There is an explosion that is taking place on the streets of our country, it's early and we haven't seen anything yet. Just like the drug companies over the last two decades came out with generic forms of opiate pain medications, the same thing is ringing true with drugs that are comparable to Suboxone.
Suboxone, which is a combination of two drugs, buprenorphine and naloxone, is being prescribed to heroin and opioid users at an alarming rate. In 2014 over nine million scripts were written for the drug. It equates to being a $1.5 billion industry in our country alone. Reckitt-Benckiser is the pharmaceutical company that came up with the formula for Suboxone. It was introduced to the U.S. in 2002 and it took off from day one. The patent for the combination of drugs that make up Suboxone expired in 2012 and opened the doors to all of Reckitt's competition to come up with a generic form. Today dozens of companies out there are testing various versions of the drug in studies. One company has even come up with a plan to devise a way to have buprenorphine to be implanted under the skin.
It seems as if Suboxone and its equivalents are the new wonder drug. Many people rave about the effects it has had on their opiate addiction. What seems to not be reported is some of the devastating effects it has when it is prescribed in the wrong way, usually that being using the drug over a long period of time as a maintenance drug. The Substance Abuse and Mental Health Services (SAMSHA) has reported a 100% increase in emergency room visits due to the abuse of Suboxone. Over half were for non-medical use of buprenorphine. What we've seen with the over prescribing of the drug that it has now become a "street drug". The dealers are now not only carrying heroin and opiate pain medications but they also offer Suboxone. The addict will keep a supply of it so that when he/she runs out of heroin their detox isn't bad. They are using it in between highs to manage withdrawals.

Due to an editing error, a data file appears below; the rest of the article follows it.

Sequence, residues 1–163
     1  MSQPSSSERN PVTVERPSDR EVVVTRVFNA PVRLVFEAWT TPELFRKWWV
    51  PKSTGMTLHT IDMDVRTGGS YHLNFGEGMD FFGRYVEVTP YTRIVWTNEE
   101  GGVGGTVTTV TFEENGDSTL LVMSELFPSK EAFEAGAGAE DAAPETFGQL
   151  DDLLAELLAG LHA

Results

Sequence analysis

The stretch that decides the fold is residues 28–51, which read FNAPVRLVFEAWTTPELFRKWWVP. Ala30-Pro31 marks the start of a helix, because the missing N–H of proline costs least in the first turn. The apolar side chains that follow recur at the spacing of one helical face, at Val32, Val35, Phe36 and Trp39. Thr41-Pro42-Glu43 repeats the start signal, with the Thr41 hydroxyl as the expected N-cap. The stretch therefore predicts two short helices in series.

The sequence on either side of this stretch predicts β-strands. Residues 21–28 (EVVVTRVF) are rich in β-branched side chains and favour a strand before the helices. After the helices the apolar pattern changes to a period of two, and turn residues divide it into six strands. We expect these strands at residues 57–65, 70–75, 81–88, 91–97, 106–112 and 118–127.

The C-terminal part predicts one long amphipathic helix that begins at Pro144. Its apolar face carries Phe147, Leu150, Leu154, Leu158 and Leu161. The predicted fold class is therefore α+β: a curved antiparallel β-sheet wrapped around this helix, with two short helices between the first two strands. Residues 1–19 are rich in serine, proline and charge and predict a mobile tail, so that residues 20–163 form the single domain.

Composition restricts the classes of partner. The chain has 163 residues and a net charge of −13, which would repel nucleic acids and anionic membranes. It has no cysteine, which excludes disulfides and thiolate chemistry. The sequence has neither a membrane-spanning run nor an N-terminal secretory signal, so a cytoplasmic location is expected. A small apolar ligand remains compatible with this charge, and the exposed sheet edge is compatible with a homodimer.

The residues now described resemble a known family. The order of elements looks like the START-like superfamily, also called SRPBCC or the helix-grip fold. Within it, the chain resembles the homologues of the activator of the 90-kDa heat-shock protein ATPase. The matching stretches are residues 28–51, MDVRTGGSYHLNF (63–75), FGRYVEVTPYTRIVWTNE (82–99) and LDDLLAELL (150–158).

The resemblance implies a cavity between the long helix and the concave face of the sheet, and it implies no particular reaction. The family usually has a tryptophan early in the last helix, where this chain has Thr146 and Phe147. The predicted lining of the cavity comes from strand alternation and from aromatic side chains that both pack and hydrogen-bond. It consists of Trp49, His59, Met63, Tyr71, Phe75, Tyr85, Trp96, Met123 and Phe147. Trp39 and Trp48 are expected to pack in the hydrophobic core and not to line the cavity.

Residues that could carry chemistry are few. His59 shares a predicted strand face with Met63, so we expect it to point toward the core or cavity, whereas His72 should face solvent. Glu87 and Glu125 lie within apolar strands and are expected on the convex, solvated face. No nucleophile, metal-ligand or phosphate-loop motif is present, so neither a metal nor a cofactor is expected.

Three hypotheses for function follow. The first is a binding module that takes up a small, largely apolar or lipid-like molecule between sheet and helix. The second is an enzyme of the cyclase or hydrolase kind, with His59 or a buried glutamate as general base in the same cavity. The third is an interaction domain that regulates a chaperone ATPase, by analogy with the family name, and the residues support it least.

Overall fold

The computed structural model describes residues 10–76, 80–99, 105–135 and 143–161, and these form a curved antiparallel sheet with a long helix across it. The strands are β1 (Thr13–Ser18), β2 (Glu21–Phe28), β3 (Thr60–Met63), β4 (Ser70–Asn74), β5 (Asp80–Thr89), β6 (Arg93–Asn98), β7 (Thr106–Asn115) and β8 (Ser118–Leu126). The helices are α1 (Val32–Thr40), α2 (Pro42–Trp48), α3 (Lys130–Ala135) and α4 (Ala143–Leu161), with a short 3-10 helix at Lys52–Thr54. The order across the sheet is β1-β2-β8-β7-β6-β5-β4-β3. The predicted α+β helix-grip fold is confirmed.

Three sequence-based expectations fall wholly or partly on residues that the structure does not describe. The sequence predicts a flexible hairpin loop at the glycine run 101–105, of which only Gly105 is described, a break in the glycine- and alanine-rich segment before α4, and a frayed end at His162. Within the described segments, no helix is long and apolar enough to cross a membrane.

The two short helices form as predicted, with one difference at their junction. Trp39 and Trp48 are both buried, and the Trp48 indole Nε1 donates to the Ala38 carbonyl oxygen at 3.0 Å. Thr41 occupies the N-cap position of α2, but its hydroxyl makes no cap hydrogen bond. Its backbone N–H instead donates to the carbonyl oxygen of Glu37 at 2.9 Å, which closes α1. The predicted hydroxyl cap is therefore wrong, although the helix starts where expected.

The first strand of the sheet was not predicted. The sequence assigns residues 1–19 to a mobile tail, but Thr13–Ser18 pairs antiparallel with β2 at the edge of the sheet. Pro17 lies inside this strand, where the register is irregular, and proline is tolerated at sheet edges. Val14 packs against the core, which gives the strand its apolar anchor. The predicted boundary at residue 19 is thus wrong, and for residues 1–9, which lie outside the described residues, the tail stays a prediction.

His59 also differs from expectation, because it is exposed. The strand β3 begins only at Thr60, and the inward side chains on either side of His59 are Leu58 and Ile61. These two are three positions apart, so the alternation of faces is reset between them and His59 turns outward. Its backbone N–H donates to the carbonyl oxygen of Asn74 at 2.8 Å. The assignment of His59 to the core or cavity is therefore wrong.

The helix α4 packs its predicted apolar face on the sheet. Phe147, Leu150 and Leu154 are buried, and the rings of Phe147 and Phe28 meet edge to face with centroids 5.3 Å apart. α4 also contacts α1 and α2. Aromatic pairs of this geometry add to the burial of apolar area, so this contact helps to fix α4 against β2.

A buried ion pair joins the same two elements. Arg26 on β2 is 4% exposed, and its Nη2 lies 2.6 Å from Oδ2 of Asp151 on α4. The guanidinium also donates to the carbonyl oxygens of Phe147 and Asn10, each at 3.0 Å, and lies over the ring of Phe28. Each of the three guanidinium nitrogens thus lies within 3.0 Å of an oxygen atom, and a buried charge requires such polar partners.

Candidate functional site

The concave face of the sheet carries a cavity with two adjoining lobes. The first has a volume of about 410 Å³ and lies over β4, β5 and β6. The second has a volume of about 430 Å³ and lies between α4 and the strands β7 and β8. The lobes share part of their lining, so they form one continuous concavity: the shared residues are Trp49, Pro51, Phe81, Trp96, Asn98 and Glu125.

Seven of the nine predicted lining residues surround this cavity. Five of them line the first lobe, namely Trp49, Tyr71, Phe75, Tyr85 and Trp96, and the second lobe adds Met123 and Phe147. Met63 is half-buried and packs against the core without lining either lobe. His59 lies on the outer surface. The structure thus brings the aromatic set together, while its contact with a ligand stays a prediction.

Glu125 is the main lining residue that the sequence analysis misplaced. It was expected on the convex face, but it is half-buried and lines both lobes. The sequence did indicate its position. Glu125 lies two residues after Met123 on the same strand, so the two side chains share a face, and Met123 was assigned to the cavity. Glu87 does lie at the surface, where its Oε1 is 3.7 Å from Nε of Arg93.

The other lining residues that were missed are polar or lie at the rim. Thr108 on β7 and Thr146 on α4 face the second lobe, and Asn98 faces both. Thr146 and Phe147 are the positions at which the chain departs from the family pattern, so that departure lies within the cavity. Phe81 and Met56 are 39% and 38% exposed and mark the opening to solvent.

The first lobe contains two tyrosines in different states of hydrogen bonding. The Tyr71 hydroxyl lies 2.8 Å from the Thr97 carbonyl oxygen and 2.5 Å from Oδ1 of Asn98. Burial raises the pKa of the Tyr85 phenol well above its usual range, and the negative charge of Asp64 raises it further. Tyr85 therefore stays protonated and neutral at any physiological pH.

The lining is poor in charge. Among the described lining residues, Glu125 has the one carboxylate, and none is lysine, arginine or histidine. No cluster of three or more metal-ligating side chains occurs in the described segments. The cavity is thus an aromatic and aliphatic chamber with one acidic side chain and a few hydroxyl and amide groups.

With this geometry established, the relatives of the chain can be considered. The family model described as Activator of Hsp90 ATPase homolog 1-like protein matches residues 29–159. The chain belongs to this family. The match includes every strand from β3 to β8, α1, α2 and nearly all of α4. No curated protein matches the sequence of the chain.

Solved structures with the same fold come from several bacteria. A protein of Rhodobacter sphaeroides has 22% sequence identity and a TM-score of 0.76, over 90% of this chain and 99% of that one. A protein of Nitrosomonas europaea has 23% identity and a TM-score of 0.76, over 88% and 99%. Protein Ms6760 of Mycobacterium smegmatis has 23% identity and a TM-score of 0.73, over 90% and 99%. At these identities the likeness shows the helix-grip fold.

Percy Menzias, President of Assisted Recovery Centers of America says, "“Suboxone is a fantastic detox agent. But you have to use it with great caution as a long term maintenance medication. In my clinic we use a lot of Suboxone, but only for detox. The Suboxone doctors, many of them have been very irresponsible, because they have no training in addiction. It is shocking in this day and age that physicians are so incredibly ignorant about the pharmacology of buprenorphine preparations.”
Clearbrook is a believer in the complete abstinence model. Suboxone can and is utilized in a our detox model on a case by case basis. Long term maintenance programs are not offered here. In short, treating an opioid addiction with another opioid does not work. Freedom from all mind and mood altering chemicals offers the best chance at recovery. We have had hundreds of patients come to us now that were offered long term Suboxone and Methadone programs. They didn't work and these people now tell us that getting off the drug that was prescribed to treat the initial addiction is even harder. Please call Clearbrook for help with any addiction. We are on call 24/7.You can also read more about prescription drug abuse treatment and suboxone rehab here.
Clearbrook Treatment Centers
Thank you to National Pain Report for the information we found in writing this article. You can read their full article HERE